lost it all:
his self-esteem; his firstborn privileges; his future wife - you name it: all
darkened; all gone. From then on,
Cain’s whole look and outlook on life was "to the brim” with negativity; an irrevocable path he was, now,
destined to follow.

Emotions

Evil always seemed to waiting at the door of Cain’s heart; this incident affected him enough to "unlock" that
door, ready for all outside to enter. All Cain had to do was open the latch, and let the evil make its way in.

His thoughts and emotions could, indeed, help to get him there. Whether his offering was to be accepted or
not, God already knew the depths of Cain’s soul, and how his will was ready to be made known.[126] God
knew what was going on inside of Cain before he even began. Cain was teetering on the edge of following
the same direction as his father (the Serpent); and, now, never going back.
One ancient author stated that God wanted to despise Cain’s offering, not only because of how he did it, but
because of what he was
about to do to Abel, in the future![127] Even what Cain was about to do in the future
“hangs in the balance” of God’s favor at the present time… something to ponder.

After Cain's initial “shock,” emotion flooded into his thought-processes. As we know, he probably didn’t really
understand the
real reasons behind God's rejection – his mind was so filled with pride.[128] How dare
anyone disrespect him in such a way?[129] An emotion that soon began to fill Cain's soul would be one that
many of us would expect a typical son of the Serpent-like Cain would have:
anger.[130]

Angry Cain

Cain was feeling fear, insecurity, as well, some paranoia. One ancient author stated: “He thought there
was laughter in the eyes of his parents and his sisters, etc., when his offering was rejected.”[131] More
insecurities began to haunt him, such as: “He (Abel) will go to the Garden, and I will remain outside.”[132]
He began to think that everyone around him was eventually going to reach a state of “perfection” - which
was equated at that time to the Garden - except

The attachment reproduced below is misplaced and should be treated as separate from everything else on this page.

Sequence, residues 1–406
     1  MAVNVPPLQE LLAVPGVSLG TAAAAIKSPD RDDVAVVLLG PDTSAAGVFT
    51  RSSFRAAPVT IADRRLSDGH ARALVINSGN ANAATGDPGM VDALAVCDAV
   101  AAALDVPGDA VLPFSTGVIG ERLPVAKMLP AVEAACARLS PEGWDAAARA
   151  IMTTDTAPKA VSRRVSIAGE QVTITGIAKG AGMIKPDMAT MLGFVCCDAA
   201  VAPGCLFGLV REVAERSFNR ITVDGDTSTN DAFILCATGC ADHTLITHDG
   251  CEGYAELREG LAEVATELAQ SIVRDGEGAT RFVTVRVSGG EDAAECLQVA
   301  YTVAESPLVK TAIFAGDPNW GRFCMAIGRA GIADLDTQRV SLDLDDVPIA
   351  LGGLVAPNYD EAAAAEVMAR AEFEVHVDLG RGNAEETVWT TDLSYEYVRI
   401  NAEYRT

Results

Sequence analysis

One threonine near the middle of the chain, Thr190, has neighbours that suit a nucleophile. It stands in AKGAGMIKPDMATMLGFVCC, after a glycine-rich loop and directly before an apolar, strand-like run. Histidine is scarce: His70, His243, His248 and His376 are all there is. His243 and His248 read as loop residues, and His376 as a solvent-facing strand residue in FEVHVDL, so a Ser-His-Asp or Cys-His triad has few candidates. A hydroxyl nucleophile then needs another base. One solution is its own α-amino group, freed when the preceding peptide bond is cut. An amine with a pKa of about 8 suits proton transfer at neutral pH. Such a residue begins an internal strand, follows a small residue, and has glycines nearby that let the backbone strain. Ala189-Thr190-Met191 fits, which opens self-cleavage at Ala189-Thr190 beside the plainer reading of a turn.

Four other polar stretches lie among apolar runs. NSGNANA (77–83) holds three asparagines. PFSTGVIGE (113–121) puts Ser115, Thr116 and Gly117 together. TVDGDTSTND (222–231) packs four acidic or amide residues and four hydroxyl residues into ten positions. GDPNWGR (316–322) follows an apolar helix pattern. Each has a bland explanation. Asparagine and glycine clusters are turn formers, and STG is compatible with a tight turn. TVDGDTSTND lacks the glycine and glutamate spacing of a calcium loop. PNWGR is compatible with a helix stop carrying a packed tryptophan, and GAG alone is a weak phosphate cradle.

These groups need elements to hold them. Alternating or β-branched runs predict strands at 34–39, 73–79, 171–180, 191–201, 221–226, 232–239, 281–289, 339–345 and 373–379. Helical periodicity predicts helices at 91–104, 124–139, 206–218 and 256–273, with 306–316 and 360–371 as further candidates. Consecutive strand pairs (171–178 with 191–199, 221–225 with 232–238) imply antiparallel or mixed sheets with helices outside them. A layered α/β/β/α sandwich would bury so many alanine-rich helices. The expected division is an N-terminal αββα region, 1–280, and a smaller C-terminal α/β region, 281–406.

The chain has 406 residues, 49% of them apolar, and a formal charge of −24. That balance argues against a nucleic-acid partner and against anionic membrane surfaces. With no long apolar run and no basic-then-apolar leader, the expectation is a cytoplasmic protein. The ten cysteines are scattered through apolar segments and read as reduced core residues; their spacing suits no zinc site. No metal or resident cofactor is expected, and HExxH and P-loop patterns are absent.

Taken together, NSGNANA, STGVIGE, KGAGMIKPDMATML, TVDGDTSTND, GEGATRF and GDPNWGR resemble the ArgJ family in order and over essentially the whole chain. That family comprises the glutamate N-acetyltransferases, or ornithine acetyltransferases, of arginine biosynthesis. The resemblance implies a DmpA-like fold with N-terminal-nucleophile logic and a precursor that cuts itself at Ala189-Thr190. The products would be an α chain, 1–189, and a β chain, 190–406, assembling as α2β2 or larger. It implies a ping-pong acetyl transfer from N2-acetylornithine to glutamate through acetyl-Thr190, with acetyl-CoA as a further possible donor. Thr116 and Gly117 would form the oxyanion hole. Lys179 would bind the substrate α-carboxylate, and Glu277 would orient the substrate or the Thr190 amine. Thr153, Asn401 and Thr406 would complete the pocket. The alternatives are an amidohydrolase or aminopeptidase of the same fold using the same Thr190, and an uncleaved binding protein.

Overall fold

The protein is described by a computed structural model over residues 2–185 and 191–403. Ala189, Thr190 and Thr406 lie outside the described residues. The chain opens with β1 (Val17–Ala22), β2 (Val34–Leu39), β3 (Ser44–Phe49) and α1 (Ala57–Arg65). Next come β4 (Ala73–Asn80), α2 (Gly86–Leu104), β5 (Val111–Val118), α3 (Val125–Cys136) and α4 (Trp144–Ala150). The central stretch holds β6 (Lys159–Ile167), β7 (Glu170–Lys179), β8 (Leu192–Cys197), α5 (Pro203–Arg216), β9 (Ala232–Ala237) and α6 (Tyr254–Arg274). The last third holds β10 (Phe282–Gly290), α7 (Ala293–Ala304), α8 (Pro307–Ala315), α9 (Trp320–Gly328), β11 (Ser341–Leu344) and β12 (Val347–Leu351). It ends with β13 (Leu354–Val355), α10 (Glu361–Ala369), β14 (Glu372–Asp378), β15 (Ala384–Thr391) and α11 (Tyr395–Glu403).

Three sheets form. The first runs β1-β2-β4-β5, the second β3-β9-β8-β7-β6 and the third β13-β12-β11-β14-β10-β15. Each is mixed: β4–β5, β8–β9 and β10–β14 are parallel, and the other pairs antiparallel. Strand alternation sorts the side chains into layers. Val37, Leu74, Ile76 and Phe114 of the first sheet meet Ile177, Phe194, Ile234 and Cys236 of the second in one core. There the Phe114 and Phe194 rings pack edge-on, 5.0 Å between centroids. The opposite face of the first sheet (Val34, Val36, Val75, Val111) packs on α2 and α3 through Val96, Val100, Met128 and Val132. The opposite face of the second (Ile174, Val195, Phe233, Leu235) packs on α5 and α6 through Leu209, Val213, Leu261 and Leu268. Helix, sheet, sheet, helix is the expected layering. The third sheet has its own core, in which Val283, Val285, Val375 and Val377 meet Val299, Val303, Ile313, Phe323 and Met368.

him; and, to him, that wasn’t fair.
If Cain had any brotherly love left, it was almost dissipated by now. As we know, Cain truly had no excuse
for his sacrifice not being accepted, however:
he made the error in judgment; he did something disobedient.
Deep down inside, his conscience probably told him that. Regardless, he had anger; a sense of anger, yes,
but completely unjustified anger. In Cain’s heart:

       …(he was envious) of his brother’s relationship with God, which he could not have so long as he
          continued in his selfish, greedy, competitive course – the way of pride, arrogance, and self-will.
                                                   ("The Mark of the Beast and the Mark of Cain", n. d., p. 9)[133]

Resurgence of Serpent Envy

On top of it, Cain began to feel a lot of envy. Now, doesn’t this emotion sound familiar? As we recall, there
was someone in the Garden who showed a great deal of this envy, as well:

                                        …he (the Serpent) cast this envy into the heart of Cain…
                                                              - Book of the Glory of Kings (Kerba Nagast) 4[134]

Envy can be defined as: a “resentful awareness of an advantage enjoyed by another joined with a desire to
possess the same advantage.”[135] The first major semblance of Cain’s envy was directed against the
sacrifice that was accepted, and, of course, it’s preparer:
Abel.[136] The “thoughts which lay in the heart of
Cain gave him no rest.”[137] What did Abel do to Cain anyway, besides provide an offering that actually
worked? This became an example of, “the diabolical envy that the wicked feel for the good simply because
they are good, while themselves are evil."[138] Envy would end up being a good portion of the reason Cain
desired to kill his brother![139] It’s obvious that, “both father and son displayed the same wickedness.”[140]
They had became
united in thought, and had “not separated the same disposition.”[141]

Cain - a "tool" of the Serpent and the Nephilim - would soon become
the symbol of whomever was against
the ways of God at the time:

                             Cain was born to perpetuate the devil's frustrated rage on this earth.
                                                                                 ("John Reeve", n. d., p. 2)[142]

Cain would not be able to control his passions and anger for long. He soon felt the need to act...

Premeditated Ideals

Next, Cain may have begun to believe it was time for “payback,” to both God and Abel, for “insulting” him,
and not doing things the way
he thought they should be.